🏃🏻♀️ Push Yourself
A common advice I’ve been given this year is that –
Your 4th year is probably the best out of the entire journey because you have the experience of previous years, the drive to experiment and lesser pressure than being in your final year. Make sure you make the most of it.
Pushing yourself to explore new concepts or even learn skills outside of architecture to further your design abilities and bring in an interdisciplinary angle. Something that people don’t recognise as a method for pushing yourself is failure. Failure doesn’t necessarily need to mean coming up with something the majority of people don’t like because in architecture there really is no wrong way of doing things.
But the important thing is to try. Failing without trying will just leave you regretting the time you could have spent experimenting. But failing having tried something, whether its a collage or a model, can mean that you’re one step closer to something even better. And the time taken to come up with these ideas doesn’t need to go to waste either.
Make sure you keep a record of everything you do, don’t delete it. You never know where or when these lost ideas could come in handy again or become a catalyst for going into a new direction later on in your project.
Work on Your Skills
I know by the time deadlines roll around, there is barely enough time to even have a social life outside of architecture work. But, the first few months are your best opportunity to learn new skills or carry on with projects outside of university work. I highly reccommend this because you never know where these skills may come in handy.
This also gives you an interesting edge, because you may already know how to put together animations or work with 3D scanning (just examples). Or maybe you have your own side hustle that has taught you about the craft in model making, graphic design and qualitiative research. Bringing in these skills will allow you to develop them in a new setting.
Unsure about what other skills you could be building?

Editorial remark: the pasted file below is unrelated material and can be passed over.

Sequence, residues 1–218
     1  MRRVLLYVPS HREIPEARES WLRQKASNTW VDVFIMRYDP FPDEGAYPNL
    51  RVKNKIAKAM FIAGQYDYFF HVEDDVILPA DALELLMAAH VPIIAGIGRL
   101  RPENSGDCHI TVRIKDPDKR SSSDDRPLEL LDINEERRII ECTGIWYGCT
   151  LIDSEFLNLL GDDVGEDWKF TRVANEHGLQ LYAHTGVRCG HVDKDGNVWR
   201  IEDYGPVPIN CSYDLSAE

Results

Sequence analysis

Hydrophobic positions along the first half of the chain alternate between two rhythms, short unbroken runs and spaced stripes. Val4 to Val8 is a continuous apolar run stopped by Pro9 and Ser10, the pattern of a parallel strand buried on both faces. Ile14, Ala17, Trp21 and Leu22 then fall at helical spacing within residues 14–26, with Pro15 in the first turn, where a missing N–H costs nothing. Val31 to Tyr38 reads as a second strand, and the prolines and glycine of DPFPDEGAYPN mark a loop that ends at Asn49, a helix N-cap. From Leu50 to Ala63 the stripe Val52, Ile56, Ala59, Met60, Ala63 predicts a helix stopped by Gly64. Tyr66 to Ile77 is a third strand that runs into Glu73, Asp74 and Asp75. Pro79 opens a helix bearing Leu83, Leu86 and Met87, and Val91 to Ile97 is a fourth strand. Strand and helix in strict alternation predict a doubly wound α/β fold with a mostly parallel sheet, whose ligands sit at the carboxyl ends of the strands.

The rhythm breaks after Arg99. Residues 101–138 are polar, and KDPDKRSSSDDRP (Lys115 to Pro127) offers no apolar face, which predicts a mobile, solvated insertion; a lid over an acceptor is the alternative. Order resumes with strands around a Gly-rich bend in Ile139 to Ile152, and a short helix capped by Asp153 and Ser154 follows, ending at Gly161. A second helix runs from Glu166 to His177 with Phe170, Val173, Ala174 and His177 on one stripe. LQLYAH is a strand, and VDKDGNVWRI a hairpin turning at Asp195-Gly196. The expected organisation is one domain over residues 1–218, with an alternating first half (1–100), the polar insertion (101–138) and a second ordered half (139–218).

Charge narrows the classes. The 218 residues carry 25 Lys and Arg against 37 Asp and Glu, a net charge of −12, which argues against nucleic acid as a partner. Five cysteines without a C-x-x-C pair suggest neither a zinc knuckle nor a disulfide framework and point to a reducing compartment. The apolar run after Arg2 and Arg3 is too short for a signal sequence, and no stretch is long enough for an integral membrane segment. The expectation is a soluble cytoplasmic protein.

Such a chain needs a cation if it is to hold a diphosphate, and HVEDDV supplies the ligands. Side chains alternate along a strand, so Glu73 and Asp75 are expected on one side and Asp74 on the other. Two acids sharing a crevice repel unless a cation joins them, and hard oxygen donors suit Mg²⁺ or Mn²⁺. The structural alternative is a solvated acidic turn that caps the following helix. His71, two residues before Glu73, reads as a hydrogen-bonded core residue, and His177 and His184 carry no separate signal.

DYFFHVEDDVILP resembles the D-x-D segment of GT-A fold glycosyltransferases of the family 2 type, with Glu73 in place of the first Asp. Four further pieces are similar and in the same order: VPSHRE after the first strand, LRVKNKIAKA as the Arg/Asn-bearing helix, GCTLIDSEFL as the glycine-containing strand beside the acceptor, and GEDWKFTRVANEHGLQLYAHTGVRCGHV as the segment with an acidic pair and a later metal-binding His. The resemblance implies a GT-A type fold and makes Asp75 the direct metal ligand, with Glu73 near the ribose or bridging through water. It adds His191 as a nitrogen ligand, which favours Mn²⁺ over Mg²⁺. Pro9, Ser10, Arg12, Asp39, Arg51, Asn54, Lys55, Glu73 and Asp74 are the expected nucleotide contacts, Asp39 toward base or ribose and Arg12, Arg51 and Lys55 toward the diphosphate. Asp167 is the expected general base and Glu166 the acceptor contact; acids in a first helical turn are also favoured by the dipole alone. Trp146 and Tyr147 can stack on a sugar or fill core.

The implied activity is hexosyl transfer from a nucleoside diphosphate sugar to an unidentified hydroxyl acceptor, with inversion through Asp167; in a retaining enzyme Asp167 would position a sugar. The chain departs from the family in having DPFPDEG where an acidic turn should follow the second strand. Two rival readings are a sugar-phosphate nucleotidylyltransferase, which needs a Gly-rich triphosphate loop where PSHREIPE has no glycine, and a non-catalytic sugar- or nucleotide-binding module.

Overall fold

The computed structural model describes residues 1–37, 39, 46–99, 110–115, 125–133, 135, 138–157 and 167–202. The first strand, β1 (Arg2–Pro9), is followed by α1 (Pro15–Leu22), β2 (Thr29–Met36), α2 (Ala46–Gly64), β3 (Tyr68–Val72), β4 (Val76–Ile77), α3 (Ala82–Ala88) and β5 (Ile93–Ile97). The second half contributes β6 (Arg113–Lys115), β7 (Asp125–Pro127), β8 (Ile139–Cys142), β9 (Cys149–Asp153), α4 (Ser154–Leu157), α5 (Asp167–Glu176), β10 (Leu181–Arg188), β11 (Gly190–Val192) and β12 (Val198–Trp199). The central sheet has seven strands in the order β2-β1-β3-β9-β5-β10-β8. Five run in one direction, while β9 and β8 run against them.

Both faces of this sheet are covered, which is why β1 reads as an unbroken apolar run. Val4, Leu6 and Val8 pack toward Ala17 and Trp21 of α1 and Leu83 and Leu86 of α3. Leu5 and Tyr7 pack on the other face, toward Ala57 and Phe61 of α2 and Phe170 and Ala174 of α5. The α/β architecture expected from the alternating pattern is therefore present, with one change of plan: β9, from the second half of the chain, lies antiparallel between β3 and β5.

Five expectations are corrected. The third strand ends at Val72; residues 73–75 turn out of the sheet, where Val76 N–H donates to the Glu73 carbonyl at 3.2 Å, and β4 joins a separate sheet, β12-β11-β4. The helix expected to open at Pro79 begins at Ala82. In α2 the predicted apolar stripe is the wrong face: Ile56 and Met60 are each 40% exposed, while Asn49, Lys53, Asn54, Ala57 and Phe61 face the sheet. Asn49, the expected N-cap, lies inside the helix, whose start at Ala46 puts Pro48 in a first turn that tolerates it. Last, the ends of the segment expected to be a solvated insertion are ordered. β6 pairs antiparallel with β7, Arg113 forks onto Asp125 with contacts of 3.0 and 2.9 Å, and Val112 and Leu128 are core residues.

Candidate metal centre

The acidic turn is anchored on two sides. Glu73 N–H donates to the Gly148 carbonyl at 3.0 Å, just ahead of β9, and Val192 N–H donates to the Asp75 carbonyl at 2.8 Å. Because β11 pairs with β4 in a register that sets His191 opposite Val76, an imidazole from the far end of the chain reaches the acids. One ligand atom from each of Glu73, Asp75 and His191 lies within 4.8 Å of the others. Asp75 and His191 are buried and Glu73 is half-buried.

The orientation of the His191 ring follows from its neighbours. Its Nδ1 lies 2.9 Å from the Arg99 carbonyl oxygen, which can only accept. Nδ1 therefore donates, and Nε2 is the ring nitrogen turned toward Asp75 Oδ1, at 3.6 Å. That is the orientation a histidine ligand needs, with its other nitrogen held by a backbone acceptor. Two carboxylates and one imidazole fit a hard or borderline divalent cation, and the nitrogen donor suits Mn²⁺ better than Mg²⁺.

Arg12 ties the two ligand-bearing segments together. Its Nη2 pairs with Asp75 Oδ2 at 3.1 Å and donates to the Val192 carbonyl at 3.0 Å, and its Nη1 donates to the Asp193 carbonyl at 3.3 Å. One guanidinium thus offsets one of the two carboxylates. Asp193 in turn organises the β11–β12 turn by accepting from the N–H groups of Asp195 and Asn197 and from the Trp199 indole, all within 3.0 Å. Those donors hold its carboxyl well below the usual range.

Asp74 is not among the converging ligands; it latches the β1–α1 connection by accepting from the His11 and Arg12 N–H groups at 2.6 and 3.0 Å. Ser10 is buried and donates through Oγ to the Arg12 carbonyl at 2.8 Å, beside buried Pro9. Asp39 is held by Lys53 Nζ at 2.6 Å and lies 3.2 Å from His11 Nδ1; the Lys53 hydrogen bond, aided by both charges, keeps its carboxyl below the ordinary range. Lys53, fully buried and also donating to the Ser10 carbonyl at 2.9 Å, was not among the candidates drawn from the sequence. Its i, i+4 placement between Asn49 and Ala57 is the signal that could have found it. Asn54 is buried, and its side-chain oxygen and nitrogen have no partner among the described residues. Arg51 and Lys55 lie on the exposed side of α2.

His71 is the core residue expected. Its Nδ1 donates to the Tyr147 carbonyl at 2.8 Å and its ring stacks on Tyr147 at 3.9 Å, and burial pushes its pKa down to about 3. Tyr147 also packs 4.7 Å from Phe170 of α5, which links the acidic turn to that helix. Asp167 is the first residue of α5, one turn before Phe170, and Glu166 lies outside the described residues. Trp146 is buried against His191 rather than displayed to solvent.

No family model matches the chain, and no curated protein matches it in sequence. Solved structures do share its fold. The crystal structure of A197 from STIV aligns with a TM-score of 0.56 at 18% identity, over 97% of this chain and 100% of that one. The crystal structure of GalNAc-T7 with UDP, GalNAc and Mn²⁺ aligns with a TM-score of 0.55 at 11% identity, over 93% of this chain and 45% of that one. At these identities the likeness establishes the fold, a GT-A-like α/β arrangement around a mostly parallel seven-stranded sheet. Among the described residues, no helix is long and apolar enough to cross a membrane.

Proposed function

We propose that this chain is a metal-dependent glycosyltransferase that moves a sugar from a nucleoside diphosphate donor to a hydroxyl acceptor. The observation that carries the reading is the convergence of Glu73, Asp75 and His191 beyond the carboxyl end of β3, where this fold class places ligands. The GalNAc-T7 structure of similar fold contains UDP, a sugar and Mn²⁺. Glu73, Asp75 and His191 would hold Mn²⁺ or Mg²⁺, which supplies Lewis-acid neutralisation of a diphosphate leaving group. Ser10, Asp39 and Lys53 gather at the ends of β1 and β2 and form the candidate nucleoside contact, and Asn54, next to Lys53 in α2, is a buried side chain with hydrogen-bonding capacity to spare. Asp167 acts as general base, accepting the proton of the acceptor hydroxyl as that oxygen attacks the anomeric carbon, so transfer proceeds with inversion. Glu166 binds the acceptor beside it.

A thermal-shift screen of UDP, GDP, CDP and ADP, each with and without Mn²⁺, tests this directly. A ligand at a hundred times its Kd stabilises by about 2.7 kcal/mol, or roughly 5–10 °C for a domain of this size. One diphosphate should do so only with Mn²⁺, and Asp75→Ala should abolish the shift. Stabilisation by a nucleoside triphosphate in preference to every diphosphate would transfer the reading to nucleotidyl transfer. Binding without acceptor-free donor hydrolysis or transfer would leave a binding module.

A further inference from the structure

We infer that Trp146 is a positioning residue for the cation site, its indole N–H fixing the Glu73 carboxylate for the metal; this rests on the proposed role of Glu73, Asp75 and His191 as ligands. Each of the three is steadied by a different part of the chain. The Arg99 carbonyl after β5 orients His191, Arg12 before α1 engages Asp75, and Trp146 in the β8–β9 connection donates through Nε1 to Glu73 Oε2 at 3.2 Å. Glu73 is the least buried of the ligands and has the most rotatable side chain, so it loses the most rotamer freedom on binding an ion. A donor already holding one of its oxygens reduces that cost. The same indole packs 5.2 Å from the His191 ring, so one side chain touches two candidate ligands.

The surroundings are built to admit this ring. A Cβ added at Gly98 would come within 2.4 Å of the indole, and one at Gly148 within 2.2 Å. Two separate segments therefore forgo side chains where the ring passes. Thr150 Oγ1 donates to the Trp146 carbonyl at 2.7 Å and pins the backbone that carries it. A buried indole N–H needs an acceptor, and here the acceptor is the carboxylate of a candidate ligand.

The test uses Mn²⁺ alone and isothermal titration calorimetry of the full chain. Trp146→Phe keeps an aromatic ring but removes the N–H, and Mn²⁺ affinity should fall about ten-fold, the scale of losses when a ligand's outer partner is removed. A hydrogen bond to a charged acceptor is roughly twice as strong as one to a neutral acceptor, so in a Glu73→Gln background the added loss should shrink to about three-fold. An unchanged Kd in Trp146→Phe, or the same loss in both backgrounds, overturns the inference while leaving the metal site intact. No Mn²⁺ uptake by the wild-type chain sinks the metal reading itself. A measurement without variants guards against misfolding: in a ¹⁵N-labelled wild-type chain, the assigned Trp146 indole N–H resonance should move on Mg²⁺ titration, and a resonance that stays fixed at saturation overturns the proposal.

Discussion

The skills you learn in university are as equally as valuable. Say you have a workshop on a new technique or way of drawing or presenting your work, don’t just attend the workshop and then put it at the back of your mind for the next few months. Having a proactive attitude towards building these skills and going the extra mile is what is going to help you stand out.
The beauty of skill-building is that they are going to be with you for the rest of your life and each one opens up new opportunities and branches you could explore. Similarly, if there are skills you need to re-familiarise yourself with, make sure to get on this sooner than later. Don’t wait until the last minute to start modelling in a software you haven’t used in 2 years.
Staying one step ahead and making sure you start learning things you might need later on will not just save you time but unlock the ability to use those skills much earlier.
📏 Stay Organised
Right from the beginning, it is so so crucial to stay super organised. I know most of us will stick to this in the beginning, much like have a perfect first page of a notebook but that usually ends up going downhill very very quickly. In this case, you need to think about what is the Minimum Viable System for you that will keep you on track and make sure you are organised – no other option.
This includes components of your file management system, either locally or on a hard drive as well as the way in which you take notes; manually or digitally. I prefer having a synced system that I can use on all my devices in combination with my sketchbook of course!
But organisation doesn’t just mean digital systems, it can also include the healthy habits you implement into your routine on a daily basis. Does that mean creating an ideal routine and adapting and improving it? Or does it mean being strict with yourself and not resorting to all-nighters.
For me, the number one thing about being organised involves putting together a presentation pack each week for design tutorials and making sure I know what each component means, how it links to my research and that I understand what I am working on rather than just presenting fluffy concepts to try and impress the tutors.
Here are a few more articles that might interest you on organisational skills:
🐤 Parting Advice
Although the first few weeks of studying MArch has been a potential breeding ground for some upcoming burnout, I truly think that just being clever, sticking to your guts and working on stuff you find interesting is how you can not just get through it, but actually enjoy your time at university.
Studying MArch has been a really freeing experience so far and I’ve been sharing parts of my journey over on Instagram so if you’d like to join me, make sure you’re following me and join the archi-community on Discord.